The Power of One: Shrugs, Defensiveness, Being a Soloist

The child of neglect, often virtually from the point of conception, floats in a sea of solitude. Like a fish, the water may not even register, as it can seem “natural” or the norm, the absence of attachment being all that is known. Attachment, however, is not only a birthright – it is nature’s design. To be connected is a survival need, and in effect, nurture is nature. To be left alone and adrift is a crime against nature as far as I am concerned. 

As the child grows older, solitude may become the default, seemingly “preferred” state, most likely not consciously. The less familiar state of being in company or connected with anyone may feel like a strain at the very least, if not foreign, impossible, even terrifying. More than a few neglect survivors I have known found the isolation of lockdown during the Covid-19 pandemic barely noticeable or even a welcome “permission” to simply lay low. Often, I have heard their partners complain bitterly of feeling perennially rejected. 

When I first started my anecdotal study and data collection about neglect and began to formulate the outlines of what I came to think of as the “Neglect Profile,” I noticed what I perceived as a seismic shrug, often accompanied by the words “I don’t know what to do!” or “There is nothing I can do!” Going back probably to the beginning of time in their relationship world, they felt that they had no impact at all, so the experience of powerlessness seems to rumble and quake from deep in their core. Often, these people are extraordinarily accomplished and proactive in other ways, be they professional, creative, athletic, or some other significant pursuit. 

The domain of relationships confronts the child of neglect with their core paradox: the central conundrum that plagues them, whether or not they are aware of it. It is what local treasure, Berkeley attachment researcher Mary Main, calls the dilemma without solution. If they allow themselves to feel their natural longing for connection, they are faced with a story and the ongoing threat of agony and, at the very least, vulnerability. What is to be done? Most likely, the only viable adaptation is to freeze or avoid. Often this also is the complaint of their partners: numbing, avoidance, even paralysis.

The domain of relationships confronts the child of neglect with their core paradox: the central conundrum that plagues them, whether or not they are aware of it. It is what local treasure, Berkeley attachment researcher Mary Main, calls the dilemma without solution.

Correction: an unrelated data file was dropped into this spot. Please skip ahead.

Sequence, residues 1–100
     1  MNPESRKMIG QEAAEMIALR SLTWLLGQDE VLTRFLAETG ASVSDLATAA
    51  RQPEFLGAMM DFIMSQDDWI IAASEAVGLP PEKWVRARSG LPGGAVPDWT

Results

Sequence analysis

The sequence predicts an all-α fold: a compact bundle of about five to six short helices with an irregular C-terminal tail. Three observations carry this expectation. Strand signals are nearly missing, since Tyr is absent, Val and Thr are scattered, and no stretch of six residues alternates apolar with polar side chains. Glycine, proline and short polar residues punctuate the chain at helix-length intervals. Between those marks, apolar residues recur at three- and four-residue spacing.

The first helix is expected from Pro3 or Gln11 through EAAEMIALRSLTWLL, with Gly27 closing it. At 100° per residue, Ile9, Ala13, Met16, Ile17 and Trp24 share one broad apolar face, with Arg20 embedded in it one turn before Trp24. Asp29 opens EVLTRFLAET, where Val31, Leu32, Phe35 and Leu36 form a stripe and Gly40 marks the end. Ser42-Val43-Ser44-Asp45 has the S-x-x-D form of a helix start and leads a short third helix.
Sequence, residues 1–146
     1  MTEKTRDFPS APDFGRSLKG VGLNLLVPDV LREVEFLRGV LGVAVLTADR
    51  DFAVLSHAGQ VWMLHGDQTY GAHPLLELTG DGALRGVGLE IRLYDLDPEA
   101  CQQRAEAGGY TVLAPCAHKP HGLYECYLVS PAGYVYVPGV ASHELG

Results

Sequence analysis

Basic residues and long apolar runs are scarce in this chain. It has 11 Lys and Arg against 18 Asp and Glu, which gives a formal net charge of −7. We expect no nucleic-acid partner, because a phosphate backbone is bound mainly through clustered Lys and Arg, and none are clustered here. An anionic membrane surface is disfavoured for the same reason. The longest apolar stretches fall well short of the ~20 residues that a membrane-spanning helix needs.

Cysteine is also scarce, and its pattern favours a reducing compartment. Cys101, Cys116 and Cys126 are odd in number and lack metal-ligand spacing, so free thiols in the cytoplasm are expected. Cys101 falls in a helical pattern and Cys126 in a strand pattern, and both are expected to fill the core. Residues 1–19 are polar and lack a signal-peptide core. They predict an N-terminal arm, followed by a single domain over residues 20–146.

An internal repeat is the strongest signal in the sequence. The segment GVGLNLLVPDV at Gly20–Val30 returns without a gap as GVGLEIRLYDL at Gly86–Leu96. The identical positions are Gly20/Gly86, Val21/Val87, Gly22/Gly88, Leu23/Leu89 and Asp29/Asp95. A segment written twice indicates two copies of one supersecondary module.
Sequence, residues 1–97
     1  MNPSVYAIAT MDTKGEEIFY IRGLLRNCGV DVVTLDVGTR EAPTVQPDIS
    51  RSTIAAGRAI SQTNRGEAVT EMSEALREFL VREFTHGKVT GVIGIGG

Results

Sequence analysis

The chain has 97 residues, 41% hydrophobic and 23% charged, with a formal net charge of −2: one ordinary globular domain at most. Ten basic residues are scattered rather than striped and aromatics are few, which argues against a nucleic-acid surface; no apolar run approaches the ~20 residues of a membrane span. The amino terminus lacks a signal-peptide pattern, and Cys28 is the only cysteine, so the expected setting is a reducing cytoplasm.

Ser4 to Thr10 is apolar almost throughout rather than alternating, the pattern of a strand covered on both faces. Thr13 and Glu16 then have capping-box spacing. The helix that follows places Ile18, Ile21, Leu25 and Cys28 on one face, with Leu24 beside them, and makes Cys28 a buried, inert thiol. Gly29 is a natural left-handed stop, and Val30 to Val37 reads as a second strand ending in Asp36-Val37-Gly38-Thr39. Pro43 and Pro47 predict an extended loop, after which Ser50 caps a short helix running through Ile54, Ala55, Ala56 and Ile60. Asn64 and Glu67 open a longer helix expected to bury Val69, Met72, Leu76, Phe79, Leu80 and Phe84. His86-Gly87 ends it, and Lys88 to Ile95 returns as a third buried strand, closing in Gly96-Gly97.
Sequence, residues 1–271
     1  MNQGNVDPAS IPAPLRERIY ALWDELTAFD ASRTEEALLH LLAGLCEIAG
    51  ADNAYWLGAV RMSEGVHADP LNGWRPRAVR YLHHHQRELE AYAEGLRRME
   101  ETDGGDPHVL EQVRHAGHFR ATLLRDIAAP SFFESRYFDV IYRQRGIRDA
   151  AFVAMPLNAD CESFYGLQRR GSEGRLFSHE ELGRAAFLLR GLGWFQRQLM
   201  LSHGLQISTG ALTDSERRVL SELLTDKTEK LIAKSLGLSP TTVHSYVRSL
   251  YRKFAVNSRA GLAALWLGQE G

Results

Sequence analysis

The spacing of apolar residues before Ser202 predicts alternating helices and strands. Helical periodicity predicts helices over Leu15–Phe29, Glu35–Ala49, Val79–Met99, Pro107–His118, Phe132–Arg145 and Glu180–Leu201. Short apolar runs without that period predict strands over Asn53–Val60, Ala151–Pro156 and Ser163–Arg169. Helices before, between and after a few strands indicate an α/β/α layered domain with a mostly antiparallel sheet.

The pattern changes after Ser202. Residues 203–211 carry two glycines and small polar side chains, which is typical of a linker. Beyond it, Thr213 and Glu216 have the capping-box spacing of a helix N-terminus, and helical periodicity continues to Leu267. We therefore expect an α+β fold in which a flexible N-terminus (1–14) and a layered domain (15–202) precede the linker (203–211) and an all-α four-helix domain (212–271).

Most who have sought answers in the complex world of relationships have heard of the marriage researcher John Gottman. I have been an avid student of his for my entire couples’ therapist life of thirty years now. Although his therapy methods are different from mine, he provides a goldmine of scientific data, perhaps 40 years now of longitudinal research on what makes a relationship successful and the predictive factors of separation and divorce. He amassed all this information utilizing what he called his “Love Lab,” where couples would spend an uninterrupted weekend in his specially designed and equipped apartment/lab, with a video camera on them the entire time. It is amazing to imagine volunteering to be studied in that way – a heroic contribution to science and all of us, really. 

Gottman is famous for identifying what he calls The Four Horsemen of the Apocalypse, the four top predictors of relationship demise: criticism, contempt, defensiveness, and withdrawal. I won’t detail each of them here, but Gottman’s books are imminently readable and well worth it. (Interested readers might start with his book, The Seven Principles for Making Marriage Work.)

Often the adult child of neglect, when faced with relationship conflict, might lapse into defensiveness, which is a denial of responsibility or a pushing back when faced with a complaint, criticism, or rupture. And, of course, if I truly believe I am powerless, it is easy to claim, “I didn’t do anything!” or “It’s not my fault!” Ironic that the complaint might, in fact, be about what they did not do, when the child of neglect themselves have been largely victimized by missing behaviors that also were not done and experiences that did not happen. Oy vey.

Unwittingly, an expression of defensiveness can be “explaining” (“I only did what I did because…”), which sounds to the injured party like nothing but excuses, and is not helpful as a repair tool, unfortunately. But how would a survivor of neglect learn anything about relationship repair, having grown up in a relationship desert? None of us with attachment trauma of any ilk learned about relationship repair, which is what makes relationships so dicey. Without repair, any rupture in the connection is “fatal.” And, of course, no relationship is without missteps and misunderstandings at the very least. Of course, they seem like a collision course at best, and fatally dangerous at worst.